Half the chairs in the borough council chambers are gone, and voting booths line the wall.
I sit in one of the remaining hard folding chairs, scanning the faces around me: reporters from small weekly or online publications; maintenance staff; councilmembers.
There will be no public comments today, and that should shave a good 15 to 30 minutes off the meeting.
We stand for the Pledge of Allegiance and he leads it loudly, boisterously almost. I’m supposed to be looking at the flag there in a corner of the room; but in the 15 seconds it takes to recite this pledge I’ve known since childhood, my eyes have wandered around to the flimsy plastic booths, waiting for Tuesday.
In the frosty morning, hurrying through the parking lot because I’m almost late, like usual, I see a man I recognize from campaign events standing outside the courthouse, smoking a cigarette in a wool trench coat.
Our paper prints pictures of the DA candidates voting; I think the one wears the same shirt-and-tie in every picture we run of him.
The chilly morning has given way to a bright, sunny afternoon when I finally leave work, and I deviate from my normal route.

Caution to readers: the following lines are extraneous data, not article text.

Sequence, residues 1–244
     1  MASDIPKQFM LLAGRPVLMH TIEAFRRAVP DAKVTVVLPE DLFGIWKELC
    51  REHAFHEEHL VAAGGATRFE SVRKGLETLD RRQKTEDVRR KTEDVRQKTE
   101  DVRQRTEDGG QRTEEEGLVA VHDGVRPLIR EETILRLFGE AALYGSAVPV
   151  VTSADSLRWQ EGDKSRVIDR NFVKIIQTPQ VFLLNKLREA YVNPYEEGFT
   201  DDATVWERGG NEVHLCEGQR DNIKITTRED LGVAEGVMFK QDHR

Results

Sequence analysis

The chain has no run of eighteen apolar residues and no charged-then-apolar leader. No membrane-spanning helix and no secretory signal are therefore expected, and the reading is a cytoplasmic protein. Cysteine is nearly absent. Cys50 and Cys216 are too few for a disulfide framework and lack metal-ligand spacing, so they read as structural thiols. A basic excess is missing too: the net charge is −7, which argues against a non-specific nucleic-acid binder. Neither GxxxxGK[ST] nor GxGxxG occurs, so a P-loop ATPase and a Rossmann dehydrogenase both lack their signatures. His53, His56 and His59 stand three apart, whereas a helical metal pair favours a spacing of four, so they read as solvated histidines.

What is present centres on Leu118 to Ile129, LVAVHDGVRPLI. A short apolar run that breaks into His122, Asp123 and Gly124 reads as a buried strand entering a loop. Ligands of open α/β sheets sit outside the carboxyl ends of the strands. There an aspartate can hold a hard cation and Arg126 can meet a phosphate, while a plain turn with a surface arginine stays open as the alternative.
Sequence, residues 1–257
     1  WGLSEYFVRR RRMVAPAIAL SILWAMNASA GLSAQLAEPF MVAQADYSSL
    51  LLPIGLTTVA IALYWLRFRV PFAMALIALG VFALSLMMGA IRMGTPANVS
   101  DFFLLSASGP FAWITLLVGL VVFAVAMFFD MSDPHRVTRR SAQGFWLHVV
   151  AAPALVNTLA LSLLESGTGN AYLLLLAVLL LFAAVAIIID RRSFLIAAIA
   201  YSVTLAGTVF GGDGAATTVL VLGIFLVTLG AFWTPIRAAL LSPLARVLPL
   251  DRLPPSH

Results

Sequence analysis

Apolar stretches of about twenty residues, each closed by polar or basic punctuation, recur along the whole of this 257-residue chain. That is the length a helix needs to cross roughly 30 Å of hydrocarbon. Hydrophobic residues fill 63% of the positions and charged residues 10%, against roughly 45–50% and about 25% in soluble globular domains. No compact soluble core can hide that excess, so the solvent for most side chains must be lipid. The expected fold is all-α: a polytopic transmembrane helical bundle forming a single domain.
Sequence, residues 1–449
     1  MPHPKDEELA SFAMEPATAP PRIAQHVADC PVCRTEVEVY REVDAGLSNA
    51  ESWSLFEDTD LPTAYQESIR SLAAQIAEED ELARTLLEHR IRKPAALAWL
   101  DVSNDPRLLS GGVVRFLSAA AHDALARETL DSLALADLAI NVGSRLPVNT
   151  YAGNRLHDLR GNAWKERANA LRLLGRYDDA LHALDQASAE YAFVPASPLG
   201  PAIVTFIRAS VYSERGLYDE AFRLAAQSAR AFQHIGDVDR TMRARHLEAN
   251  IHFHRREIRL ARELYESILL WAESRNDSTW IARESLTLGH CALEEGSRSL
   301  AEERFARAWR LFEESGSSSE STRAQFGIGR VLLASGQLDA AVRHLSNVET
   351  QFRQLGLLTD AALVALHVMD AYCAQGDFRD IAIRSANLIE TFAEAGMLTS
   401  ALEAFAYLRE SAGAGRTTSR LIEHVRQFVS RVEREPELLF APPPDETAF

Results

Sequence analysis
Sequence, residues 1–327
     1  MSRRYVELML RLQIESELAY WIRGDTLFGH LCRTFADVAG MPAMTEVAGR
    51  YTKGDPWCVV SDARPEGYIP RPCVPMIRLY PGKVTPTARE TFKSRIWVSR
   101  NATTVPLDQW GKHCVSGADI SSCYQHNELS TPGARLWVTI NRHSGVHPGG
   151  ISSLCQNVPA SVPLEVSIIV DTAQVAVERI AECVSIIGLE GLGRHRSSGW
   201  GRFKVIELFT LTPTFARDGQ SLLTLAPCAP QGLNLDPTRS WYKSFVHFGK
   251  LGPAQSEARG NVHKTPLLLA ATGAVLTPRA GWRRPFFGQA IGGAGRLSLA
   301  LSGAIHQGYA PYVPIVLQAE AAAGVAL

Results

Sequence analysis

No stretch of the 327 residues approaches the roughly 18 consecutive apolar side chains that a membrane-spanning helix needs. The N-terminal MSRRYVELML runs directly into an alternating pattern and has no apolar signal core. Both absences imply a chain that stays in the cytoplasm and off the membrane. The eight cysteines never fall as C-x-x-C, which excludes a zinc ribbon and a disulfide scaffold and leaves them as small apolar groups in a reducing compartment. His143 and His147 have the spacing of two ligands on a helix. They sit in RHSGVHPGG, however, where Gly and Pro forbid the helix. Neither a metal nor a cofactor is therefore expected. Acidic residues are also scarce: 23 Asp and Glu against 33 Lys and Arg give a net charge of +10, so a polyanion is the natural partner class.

My polling place is in the fellowship hall of an old church, one that looks a bit like a fortress and stands perfectly between the office, and home. I’ll stop by.
Campaign signs have filled the grass between the sidewalk and the street, but no one is handing out materials and I’m glad.
The woman at the desk takes as much time to find my name on her list as I do to fill in the circles on the ballot the next woman finally hands me.
Fill in the circles, tear off the stubs, hear the machine churn as it pulls it in to itself.
I’m back out into the sunshine in minutes, slightly aggrieved not to have been given a sticker. I guess we don’t do the “I voted” stickers any more.
Tonight I go to another council meeting, and try to guess the length of the meeting by the faces I see, and this is where I see elections a little differently, I think, than other voters.
Yesterday I filed my ballot; today I watch men and women fill their elected positions, write about the decisions they make or the things – foolish or wise – they say.
And another election cycle has come and gone.